By Ginger Szala, ThinkAdvisor
In February, Northern Trust Chief Investment Officer Bob Browne told ThinkAdvisor that the coronavirus wouldn’t be just a “blip” in the global market, and in fact, would have a major impact.
He was proven right as global markets crashed, companies shuttered, jobs disappeared and massive government stimulus packages were enacted.
Although the pandemic brought global economies to their knees, Browne does see at least the U.S. economy bouncing back for the rest of this year, largely due to government stimulus. It’s 2021 and beyond we have to plan for, he says.
Here are the firm’s six key capital market assumptions and economic forecast:
1. A big restructuring
Northern Trust predicts a “positive yet subdued growth environment,” Browne says. The trillion-dollar stimulus pumped into the U.S. economy means growth should be fine for the rest of 2020, but going forward, he sees U.S. growth just under 2%, while globally it will be around 2.6%.
Due to the pandemic, companies will prioritize stability over profitability by rerouting supply chains, moving production inside their home countries and building healthier balance sheets.
That means the United States will have to cut its reliance on products from China, Browne says. But U.S. strength in technology and biotechnology should “shield” it from the downside this will cause.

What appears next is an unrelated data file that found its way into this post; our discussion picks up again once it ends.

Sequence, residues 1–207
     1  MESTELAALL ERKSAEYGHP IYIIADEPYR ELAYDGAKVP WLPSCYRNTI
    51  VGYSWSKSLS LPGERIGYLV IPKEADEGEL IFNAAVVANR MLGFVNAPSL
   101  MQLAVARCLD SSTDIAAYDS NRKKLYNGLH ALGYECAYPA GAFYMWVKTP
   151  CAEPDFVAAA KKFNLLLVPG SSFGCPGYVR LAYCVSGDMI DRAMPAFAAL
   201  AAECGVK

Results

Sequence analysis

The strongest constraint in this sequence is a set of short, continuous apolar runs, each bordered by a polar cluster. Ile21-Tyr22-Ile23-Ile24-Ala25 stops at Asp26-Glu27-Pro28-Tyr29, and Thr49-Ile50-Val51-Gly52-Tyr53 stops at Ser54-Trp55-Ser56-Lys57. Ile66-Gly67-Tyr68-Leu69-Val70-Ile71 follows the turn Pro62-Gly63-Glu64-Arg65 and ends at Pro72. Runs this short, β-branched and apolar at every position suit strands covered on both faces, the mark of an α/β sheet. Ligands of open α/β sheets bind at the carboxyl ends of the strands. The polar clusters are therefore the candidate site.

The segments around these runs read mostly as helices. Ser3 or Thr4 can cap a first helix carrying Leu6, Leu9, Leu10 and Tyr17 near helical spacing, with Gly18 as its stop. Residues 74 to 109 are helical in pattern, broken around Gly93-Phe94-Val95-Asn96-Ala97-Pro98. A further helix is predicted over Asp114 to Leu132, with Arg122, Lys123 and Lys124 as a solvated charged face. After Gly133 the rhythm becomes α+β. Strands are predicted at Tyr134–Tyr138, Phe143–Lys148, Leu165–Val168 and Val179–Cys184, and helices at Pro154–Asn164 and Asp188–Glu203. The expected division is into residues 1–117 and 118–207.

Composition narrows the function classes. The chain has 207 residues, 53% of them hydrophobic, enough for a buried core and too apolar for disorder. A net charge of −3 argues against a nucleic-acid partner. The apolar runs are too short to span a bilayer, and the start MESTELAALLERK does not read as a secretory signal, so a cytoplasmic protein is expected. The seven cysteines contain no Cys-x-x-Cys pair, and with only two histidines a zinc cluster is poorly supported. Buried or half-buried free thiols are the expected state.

Although many jobs are coming back due to reopening of businesses in parts of the country, “There’ll be a restructuring of high unemployment for some period of time. Lots of jobs will be permanently destroyed,” Browne says, such in the retail sector and tourism industry. “That means a cautious consumer and the experience of COVID-19 won’t disappear too quickly.”
2. Stuckflation tested
Trillions of dollars of stimulus money has been pumped into the global economy, but because most of it was used to prop up people and businesses hurt by the pandemic, the threat of a money surge causing higher inflation is low. Further, central banks will allow “somewhat higher” inflation to make up for a decade of low inflation, Browne says.
For the next five years, the bank sees 2% inflation for the United States, 1.4% for Europe and 0.3% for Japan.
“I still believe that lower inflation, or even deflation, is a bigger risk for policymakers … maybe at some point bond investors will think they aren’t getting compensated … but for now they’re willing to accept negative real rates because they want stable income with principal stability in a world of uncertainty,” Browne says.
3. Reimagining capitalism
“The pandemic has not only altered economic growth trajectories, it also highlighted flaws in the capitalist economic system itself,” the Northern Trust report states. Specifically, it has forced companies to focus more on stakeholders — employees, customers and community — than shareholders.
“But one societal aim — reducing inequality — has only gotten worse over the past 40 years,” the report states, noting that today the top 1% of earners in the United States have 20.5% of pretax national income, up from roughly 11% in 1980.
But change is happening, Browne says, and every large company is “thinking about its obligations to create a more [diverse workforce], to invest back in the community, that we all have a stake in making sure society succeeds broadly, and it’s not a ‘winner take all’ environment,” which he doesn’t see as politically or socially sustainable.